The home where singer Aaron Carter died, has been sold for almost $750,000, as long as an L.A. judge signs off on the real estate transaction.
According to new legal documents, obtained by The Blast, a deal has been struck by Aaron Carter’s estate to sell his house to a married couple in Lancaster, California.
The real estate deal was reported by Carter’s estate in the probate case dealing with the finances following his tragic death. In the document, the estate says the house had sold for $749,900. The couple buying the home is from Huntington Beach, CA, which is about 2 hours south of this area.
Aaron Carter’s Death Home Sells ‘As Is’ To Couple From Southern California
Interestingly, the deal is an “All Cash” offer with an initial deposit of $22,050. Also, the house will be sold “AS IS,” which means any issues that pop up will be the responsibility of the buyer. Our guess is that this might be a flip, or fixer-upper type situation, considering how it was sold.
As we reported, the 7-bedroom, 4-bathroom house was put on the market by Carter about a month before he died. As you know, Aaron was found dead in the master bathroom by a housekeeper. The good news is that the house will come with a “full remodel of the bathroom” where Aaron was found dead.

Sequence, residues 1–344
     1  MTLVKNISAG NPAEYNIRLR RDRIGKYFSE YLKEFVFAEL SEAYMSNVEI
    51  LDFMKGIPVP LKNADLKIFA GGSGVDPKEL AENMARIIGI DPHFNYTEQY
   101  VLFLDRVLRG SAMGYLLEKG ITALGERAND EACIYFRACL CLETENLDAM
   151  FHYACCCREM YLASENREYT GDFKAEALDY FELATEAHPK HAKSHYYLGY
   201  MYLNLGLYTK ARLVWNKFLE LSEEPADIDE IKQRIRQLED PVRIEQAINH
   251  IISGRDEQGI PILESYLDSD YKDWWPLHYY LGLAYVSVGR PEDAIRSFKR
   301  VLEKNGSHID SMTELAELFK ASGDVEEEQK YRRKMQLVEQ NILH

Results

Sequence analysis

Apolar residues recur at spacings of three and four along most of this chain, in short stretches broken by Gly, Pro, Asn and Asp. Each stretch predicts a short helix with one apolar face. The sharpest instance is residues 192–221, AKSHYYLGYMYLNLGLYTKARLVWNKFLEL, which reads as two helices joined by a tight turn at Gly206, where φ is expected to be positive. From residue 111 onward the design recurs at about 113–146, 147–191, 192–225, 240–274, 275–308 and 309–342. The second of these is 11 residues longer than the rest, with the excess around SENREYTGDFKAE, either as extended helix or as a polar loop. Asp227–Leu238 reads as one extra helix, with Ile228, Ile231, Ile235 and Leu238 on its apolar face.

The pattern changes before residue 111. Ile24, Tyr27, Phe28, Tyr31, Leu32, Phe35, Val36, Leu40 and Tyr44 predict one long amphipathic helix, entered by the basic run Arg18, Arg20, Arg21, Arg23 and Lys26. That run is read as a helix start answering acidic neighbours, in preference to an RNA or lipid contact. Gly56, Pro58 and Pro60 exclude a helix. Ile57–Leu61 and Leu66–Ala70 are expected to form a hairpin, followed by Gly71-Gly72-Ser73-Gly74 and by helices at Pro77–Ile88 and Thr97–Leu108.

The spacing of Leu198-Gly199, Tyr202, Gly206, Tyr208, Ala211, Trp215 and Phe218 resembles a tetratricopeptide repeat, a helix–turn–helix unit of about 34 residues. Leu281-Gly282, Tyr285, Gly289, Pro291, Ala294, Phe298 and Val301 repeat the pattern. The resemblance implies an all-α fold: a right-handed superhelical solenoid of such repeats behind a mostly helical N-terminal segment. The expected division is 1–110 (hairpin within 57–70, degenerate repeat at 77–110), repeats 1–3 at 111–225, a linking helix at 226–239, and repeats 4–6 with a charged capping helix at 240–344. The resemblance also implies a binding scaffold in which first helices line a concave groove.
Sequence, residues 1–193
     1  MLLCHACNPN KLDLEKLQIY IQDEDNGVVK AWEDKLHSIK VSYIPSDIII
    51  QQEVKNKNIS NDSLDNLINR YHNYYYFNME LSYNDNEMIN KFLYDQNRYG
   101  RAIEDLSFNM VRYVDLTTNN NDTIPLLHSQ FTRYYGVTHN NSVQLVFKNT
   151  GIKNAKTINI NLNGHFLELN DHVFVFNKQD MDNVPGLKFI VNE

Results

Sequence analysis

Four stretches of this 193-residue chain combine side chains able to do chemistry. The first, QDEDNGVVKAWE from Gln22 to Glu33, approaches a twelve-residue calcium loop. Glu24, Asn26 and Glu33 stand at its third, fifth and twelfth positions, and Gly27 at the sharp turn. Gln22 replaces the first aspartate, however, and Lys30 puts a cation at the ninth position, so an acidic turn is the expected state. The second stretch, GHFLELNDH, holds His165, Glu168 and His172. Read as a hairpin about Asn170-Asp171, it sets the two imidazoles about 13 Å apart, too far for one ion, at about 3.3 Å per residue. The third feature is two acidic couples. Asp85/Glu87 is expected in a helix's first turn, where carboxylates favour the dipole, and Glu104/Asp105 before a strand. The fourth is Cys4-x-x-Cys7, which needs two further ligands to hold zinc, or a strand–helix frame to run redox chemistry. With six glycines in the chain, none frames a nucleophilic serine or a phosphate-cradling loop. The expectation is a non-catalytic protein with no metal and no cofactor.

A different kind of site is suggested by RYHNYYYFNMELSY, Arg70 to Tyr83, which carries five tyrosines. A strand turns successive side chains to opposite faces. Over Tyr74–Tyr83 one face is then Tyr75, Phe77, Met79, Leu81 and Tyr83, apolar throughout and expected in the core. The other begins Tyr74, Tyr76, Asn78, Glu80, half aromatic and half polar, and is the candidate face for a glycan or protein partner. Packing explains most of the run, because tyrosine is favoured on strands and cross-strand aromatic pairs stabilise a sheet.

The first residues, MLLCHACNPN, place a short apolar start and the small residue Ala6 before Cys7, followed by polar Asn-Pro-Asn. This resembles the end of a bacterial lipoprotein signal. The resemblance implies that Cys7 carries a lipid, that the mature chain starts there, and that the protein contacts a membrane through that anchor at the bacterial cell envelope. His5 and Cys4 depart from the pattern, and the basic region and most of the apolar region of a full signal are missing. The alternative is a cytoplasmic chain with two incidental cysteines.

It’s unclear how much Aaron Carter owed on the house, but anything made on the sale will be put into a trust for his 1-year-old son, Prince.
Aaron Carter’s Home Sold With Complete Renovation Of The Death Bathroom
Back in 2019, Aaron announced he had purchased the home, saying, “I finally own my first home in California, I have a place to call my own, worked very diligently and consecutively on myself Mind, Body & Soul and kept myself out of trouble. I get to do what I love every day thanks to everyone who believed in me at this point in my life.”
We broke the story, Carter’s official cause of death was ruled an accident. The singer drowned in his bathtub while under the influence of an aerosol duster and the powerful sedative Xanax. A toxicology test during his autopsy revealed the presence of “difluoroethane” which is commonly found in computer cleaners and compressed air cans. “Difluoroethane is a gas commonly used as a propellant in air spray cleaners for electronic devices that can induce feelings of euphoria when inhaled. It is known to have cardiotoxic effects which can lead to cardiac arrhythmias and sudden cardiac arrest,” the report stated.
It continued, “The residence was scarcely furnished; most of the furniture was in the garage. (Aaron’s) bedroom and music room appeared to be fully furnished. His bedroom was messy; the nightstands were dirty, and the drawers were in disarray. There were air canisters on the bed and in the bathroom.”
The death investigation report stated the death scene was brutal, saying, “Multiple bottles of prescription medication were found in the drawers and an unlocked safe was found in the bathroom. There was fecal matter in the closet.” Plus, a nozzle tip from one of the air canisters was found in the sweatshirt found at the edge of the bathtub.
At this point, a judge in charge of his probate case must sign off on the real estate deal to make it official. But, that shouldn’t be an issue.